Higherford Mill

Right now, artists are creating things inside this mill. That’s nothing new: this mill has been innovative for 200 years!

The problem: the water wheel is not enough. This mill mixed water and steam power. Now THAT was creative!
Higherford Mill was built in,
1820 Slavery was recently abolished, the first football club was founded (Edinburgh) and Queen Victoria is 5 years old.
during the industrial revolution and the “Regency” era. Cotton spinning and weaving machines transform sleepy rural Lancashire into a booming industrial hub. The population of Burnley and Blackburn grows by 300-400% in just 50 years.

Like most mills, Higherford started out with a water wheel. This took water from the river [[FIX ME – which river?]] to power the spinning and weaving machines. However, water power wasn’t enough to keep up with demand. Just 8 years later, in 1832, a coal powered steam engine was added.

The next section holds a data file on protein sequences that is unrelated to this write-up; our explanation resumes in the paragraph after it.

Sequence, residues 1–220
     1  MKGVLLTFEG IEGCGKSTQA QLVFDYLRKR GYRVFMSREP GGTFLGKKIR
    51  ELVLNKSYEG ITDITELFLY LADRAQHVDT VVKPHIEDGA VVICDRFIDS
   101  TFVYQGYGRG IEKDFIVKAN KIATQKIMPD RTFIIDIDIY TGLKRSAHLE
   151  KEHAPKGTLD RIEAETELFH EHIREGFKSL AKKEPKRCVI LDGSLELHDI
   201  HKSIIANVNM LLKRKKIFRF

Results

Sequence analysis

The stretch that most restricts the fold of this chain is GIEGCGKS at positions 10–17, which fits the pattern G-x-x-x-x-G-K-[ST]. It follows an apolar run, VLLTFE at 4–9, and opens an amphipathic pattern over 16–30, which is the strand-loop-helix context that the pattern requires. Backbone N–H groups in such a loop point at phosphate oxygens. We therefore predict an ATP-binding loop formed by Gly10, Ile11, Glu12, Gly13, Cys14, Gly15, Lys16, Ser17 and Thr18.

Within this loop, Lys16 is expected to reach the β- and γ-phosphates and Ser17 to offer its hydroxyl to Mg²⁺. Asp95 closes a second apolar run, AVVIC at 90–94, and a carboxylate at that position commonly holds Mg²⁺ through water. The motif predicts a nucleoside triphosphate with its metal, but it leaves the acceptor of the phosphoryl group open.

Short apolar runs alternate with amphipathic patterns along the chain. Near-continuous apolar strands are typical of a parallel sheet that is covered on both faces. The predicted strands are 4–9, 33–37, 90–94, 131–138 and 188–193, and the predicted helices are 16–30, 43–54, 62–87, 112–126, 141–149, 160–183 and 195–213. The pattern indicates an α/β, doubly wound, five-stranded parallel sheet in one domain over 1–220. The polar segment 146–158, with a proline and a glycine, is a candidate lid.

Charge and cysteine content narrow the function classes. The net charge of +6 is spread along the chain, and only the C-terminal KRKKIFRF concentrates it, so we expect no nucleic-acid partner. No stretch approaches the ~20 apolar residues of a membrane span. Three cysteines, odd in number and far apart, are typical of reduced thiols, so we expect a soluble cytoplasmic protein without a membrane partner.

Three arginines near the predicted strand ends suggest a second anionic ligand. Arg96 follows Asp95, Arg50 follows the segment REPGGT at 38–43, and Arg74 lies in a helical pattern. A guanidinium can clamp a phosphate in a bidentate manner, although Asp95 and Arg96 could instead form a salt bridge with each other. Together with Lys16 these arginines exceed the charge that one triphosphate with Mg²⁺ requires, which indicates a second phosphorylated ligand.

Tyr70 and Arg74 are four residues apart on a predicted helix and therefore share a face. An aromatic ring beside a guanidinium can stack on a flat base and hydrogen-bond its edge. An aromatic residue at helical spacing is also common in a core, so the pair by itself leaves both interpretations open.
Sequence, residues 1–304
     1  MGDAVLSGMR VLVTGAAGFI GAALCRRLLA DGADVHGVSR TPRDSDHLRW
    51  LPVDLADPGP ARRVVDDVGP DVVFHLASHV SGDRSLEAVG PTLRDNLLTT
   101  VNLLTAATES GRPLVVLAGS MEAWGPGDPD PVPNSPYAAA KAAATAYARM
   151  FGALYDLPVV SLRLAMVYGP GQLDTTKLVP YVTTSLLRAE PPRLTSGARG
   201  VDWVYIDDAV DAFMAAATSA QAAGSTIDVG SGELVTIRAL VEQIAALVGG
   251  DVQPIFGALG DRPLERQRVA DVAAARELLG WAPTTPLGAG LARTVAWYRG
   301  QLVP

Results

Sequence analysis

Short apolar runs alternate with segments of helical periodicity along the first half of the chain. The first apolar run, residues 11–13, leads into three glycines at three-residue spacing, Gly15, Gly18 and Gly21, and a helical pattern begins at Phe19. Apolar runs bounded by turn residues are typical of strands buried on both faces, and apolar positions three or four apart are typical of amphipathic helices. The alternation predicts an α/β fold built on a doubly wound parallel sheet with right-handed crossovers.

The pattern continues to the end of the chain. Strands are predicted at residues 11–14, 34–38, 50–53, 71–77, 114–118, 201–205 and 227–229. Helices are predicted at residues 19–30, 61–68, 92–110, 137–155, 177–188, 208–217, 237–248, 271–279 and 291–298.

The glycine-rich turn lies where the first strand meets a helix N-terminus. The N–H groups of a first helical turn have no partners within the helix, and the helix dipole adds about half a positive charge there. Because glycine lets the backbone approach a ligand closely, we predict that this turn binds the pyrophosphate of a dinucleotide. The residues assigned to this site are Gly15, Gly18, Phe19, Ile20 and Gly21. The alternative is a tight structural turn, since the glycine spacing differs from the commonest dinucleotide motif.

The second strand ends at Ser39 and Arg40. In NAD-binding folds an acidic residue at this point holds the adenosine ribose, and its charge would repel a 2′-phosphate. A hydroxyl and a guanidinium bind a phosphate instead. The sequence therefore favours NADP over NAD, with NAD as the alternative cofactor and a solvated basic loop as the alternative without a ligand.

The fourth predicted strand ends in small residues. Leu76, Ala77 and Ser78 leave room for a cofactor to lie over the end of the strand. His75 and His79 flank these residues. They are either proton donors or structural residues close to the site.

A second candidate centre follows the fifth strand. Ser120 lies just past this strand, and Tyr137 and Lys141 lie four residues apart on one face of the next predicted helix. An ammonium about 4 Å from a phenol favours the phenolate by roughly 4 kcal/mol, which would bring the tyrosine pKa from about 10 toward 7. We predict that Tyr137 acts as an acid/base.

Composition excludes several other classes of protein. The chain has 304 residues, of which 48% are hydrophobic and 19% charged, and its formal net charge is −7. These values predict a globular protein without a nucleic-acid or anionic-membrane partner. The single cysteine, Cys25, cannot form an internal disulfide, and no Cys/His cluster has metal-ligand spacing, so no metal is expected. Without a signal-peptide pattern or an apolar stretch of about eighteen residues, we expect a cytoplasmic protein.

The transition to steam power at Higherford Mill was creative. Rather than removing the water wheel and staring over, the steam engine was instead hooked up to the water wheel! Water and steam powered the machines together. This is one reason why the mill became a listed building in 1996.

The problem: not enough hours in the day. The solution: a “north light weaving shed”. This mill has the earliest surviving example.

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Today, 36 artists work here. Before then local people made fabric here for 150 years.

What do industry and art have in common? Higherford Mill!

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